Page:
PH Values and Colour Changing Tea!

Every once in a while we come across a science experiment that is fun and also beautiful! This one will not dissapoint!

Butterfly Pea Flower tea is native to southeast Asia. It’s not the nutritional benefits that make this tea so popular though, it’s the gorgeous dark blue hue that changes to shades of purple and pink as the ph level changes. It became popular in western culture as a fun cocktail mix, wowing restaurant go-ers by changing colour right before their eyes. For me though, I see the fun and educational possibilities of this awesome tea.

Here’s how we played with it:

We grabbed 4 mason jars and put 1 teaspoon of powder in each jar. We added 1 cup of cool water and mixed until the tea was dissolved. It is a deep blue colour.


We talked about ph levels and what they mean. Water is neutral. It has a ph of 7. The lower the number, the more acidic the substance is. The higher the number, the more alkaline it is.

Here’s a list of common kitchen items and their ph level:

  • Ketchup: 3.9
  • Lemon Juice: 2
  • Baking Soda: 9
  • Cream of Tartar: 5
  • Citric Acid: 3
  • Apple juice: (approx.) 3.5
  • Honey: 3.9
  • White vinegar: 2.4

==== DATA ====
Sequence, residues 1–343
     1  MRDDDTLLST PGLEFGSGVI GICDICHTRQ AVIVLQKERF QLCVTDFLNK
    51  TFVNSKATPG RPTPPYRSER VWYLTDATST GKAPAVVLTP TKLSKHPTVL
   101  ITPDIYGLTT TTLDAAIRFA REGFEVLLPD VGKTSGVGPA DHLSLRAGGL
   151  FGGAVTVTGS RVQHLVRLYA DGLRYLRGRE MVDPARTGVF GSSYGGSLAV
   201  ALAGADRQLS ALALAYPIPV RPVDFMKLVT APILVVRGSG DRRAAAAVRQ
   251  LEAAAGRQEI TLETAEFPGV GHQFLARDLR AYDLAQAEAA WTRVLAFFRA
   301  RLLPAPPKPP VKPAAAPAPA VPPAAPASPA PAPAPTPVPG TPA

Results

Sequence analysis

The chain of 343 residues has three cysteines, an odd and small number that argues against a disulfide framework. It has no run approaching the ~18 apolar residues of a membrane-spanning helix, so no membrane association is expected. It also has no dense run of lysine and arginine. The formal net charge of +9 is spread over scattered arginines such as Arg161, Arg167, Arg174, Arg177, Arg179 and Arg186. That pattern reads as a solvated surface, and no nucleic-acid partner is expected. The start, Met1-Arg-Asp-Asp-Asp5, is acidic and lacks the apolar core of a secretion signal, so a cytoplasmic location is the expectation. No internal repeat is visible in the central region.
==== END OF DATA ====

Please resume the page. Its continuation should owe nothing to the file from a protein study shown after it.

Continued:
• Mild dish shop: (approx.) 7

So we took a look at the list of common items and found 4 that we had on hand and thought would give us the best results. We made predictions about what would happen when we added each item to the jars. This is a great opportunity to talk about what a hypothesis is!

Our science experiment all set up!

We started with the cream of tartar. We poured in about 1 tsp and gave it a stir. Here was the result:

It turned from dark blue, to a nice shade of violet. Very nice!…. but we could do better!

Next we added the lemon juice to the second jar. We squeezed the juice out of the lemon into a bowl first. Here’s the result:

Hmm. I thought we would get better results from the lemon juice, because of its high ph level. My guess… we needed more lemon juice. It did turn to a nice deep, dark purple though!

Next up was the milk. We added 3 tablespoons of 2% milk.

My hypothesis was way off on this one! I thought it would turn grey. As the milk mixed with the blue water, it made a gorgeous light blue colour. Although this has to do with adding a white liquid to a dark colour and not the ph changing. Hmm. We could still do better.

Now the next one, I thought would give the best, most spectacular result. Which is why I saved it till last! The citric acid. Here was the result:

Yay! We made pink! 2 tsps of citric acid and we got a nice pink colour. After the experiment was done, my kids kept adding more and it got lighter and lighter!

Here’s a lineup of our results:

All in all, I’d say the experiment was a success! The kids and I discussed what we may do differently, and came up with

  1. More lemon juice, maybe 1 whole lemon.
  2. No dairy. It just seemed to lighten the original colour, not change it.
  3. Divide the pack into 8 jars, for more scienceing! (my daughters term!)

Click HERE to get some of this colour changing powder and create your own science lab at home!

If you do give this a try, please tag us on social media so we can share! Use @inspiredtots or @inspiredtots and you may even win a prize pack!

-Mel

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